There seems little doubt that BRI represents a major economic and commercial opportunity, with major BRI infrastructure projects likely to act as the catalyst for a wave of real estate activity. Nevertheless, from a corporate treasury viewpoint, this represents an exceptional challenge
"Apart from day to day cash and liquidity management, corporates in the real estate sector also have to determine the most efficient way to transfer the substantial capital sums required for BRI projects to the relevant countries," says Kee Joo Wong. "Furthermore, if those funds are not immediately deployed, they will also be looking for ways to optimise yield on them in the meantime."
Security of funds is clearly vital here, so selecting a bank with a robust credit rating and extensive experience of efficiently routing high value cross border payments across multiple jurisdictions is important. This would be true for any treasurer, but even more so for treasurers of the state-owned Chinese corporates expected to be prominent BRI participants, as they have the additional responsibility burden of handling state and not just corporate funds.
With regard to optimising yield, a significant number of BRI countries have regulations preventing the use of certain liquidity management tools, such as notional pooling. Therefore any partner bank for corporates involved in BRI real estate projects will ideally be able to provide alternative solutions that optimise the interest return on balances aggregated across multiple jurisdictions, while still complying with local regulations.
More generally, regulatory compliance will be a challenge for corporates in the real estate sector. This applies in many respects, but one obvious example is the initial investment in BRI real estate projects, which will typically involve the deployment of substantial sums at a local level and where the methods and corporate entities used to accomplish this have significant regulatory implications. Again, this is an area where a bank with an extensive physical presence is wellpositioned to provide support. This applies particularly to Chinese corporates with no prior overseas experience, but also to corporates more generally.
An additional regulatory challenge is diversity. Many of the 68 countries involved in BRI are in Asia, where financial regulations (such as those relating to FX or liquidity management) vary widely from country to country. This is challenging enough on a single country basis, but is exponentially more so where a corporate is involved in projects in multiple BRI countries. In this situation, treasuries will be trying to develop secure processes and structures that are as consistent as possible for efficiency, whilst still maintaining compliance with individual countries’ regulatory requirements. Therefore, a bank that can pull together local regulatory knowledge from multiple locations and fuse it with cash and liquidity management expertise for delivery to corporate treasurers can help de-risk the regulatory aspects of BRI participation.
Long term strategy
Apart from anything else, the sheer scale of BRI and its associated infrastructure build will make it a long term initiative/ investment for corporates in sectors such as real estate, which may require structural changes to treasury functions. For instance, in order to be able to manage the myriad financial activities associated with BRI, some treasuries may need to establish regional treasury centres, such as in Hong Kong or Singapore for Asian BRI activities.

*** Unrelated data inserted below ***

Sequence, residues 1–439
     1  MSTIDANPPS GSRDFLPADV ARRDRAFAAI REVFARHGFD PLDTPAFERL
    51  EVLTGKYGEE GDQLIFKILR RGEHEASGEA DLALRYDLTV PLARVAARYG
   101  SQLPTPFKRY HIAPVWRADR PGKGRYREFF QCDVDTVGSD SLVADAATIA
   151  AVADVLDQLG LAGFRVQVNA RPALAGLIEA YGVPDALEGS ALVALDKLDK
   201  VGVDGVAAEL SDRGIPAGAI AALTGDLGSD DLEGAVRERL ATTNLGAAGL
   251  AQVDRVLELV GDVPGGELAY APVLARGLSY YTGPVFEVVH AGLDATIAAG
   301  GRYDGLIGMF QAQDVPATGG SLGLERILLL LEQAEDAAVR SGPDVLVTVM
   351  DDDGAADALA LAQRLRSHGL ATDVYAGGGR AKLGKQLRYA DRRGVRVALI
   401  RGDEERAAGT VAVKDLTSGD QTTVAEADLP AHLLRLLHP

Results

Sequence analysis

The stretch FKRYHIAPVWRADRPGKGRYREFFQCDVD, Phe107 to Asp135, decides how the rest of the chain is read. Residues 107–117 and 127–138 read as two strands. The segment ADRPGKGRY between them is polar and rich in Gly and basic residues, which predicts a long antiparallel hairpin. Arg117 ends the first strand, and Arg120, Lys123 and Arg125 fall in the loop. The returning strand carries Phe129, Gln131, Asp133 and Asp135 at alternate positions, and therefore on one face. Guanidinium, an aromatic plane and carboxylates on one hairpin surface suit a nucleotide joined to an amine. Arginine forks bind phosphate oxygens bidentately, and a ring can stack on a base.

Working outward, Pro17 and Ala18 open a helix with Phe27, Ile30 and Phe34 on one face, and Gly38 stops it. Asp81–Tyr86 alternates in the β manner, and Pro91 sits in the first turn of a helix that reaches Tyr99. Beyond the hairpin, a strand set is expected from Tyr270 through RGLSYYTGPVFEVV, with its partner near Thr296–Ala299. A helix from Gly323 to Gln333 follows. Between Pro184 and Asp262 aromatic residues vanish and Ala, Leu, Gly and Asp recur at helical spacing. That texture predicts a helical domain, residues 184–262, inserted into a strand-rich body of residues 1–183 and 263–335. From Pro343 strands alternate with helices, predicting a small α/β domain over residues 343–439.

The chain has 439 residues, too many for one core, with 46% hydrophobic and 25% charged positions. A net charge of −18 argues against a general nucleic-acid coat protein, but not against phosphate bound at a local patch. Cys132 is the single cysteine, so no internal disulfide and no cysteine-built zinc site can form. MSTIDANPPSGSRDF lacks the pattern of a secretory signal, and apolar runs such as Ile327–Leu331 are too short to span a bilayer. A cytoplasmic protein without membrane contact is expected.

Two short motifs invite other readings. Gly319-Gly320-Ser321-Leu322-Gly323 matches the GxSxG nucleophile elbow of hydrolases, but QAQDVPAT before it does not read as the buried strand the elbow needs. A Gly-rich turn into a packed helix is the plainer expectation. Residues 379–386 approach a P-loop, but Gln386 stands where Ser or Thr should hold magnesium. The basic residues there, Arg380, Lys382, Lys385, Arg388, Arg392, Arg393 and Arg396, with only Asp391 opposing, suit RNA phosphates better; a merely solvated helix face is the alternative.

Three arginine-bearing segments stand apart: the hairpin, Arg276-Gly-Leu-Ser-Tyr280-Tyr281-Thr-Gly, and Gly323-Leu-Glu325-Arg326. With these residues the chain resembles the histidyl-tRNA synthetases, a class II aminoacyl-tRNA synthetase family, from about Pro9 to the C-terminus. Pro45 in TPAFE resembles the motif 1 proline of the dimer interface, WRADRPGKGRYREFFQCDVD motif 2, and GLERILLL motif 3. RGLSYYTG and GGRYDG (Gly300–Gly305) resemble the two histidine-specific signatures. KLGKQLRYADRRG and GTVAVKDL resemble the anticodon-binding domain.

A related issue for many treasuries is that while they may have had to handle opening in a new country before, with BRI they may now find themselves having to start supporting operations in multiple new countries near-simultaneously. For a department such as treasury, which is usually lightly staffed, this is a major additional workload of extreme long term strategic importance. As a result, support from a partner bank with the right expertise and network might spell the difference between success and failure.
This applies across multiple disciplines and activities, such as establishing a new regional treasury centre, devising optimal bank account structures, or integrating new country entities into ERP systems. Furthermore, this will not be a one-off need: BRI-related requirements and the associated environment will change over time. Therefore, any suitable banking partner will also need to be able to support treasury in the long term in implementing best practice, as well as in adapting to any changes in regulation or other environmental factors.
There seems little doubt that BRI represents a major economic and commercial opportunity, with major BRI infrastructure projects likely to act as the catalyst for a wave of real estate activity. Nevertheless, from a corporate treasury viewpoint, this represents an exceptional challenge. Potentially multiple new jurisdictions – each with its own regulations, risks, financial infrastructure and business practices – will have to be accommodated in existing treasury structures and strategy, or new ones developed for the purpose.
For real estate (and other) corporate treasuries, this will be an immense task, but one that can be appreciably reduced with the support of a bank with an extensive physical network and solution set – but also one with a long term, partnership-centric mindset.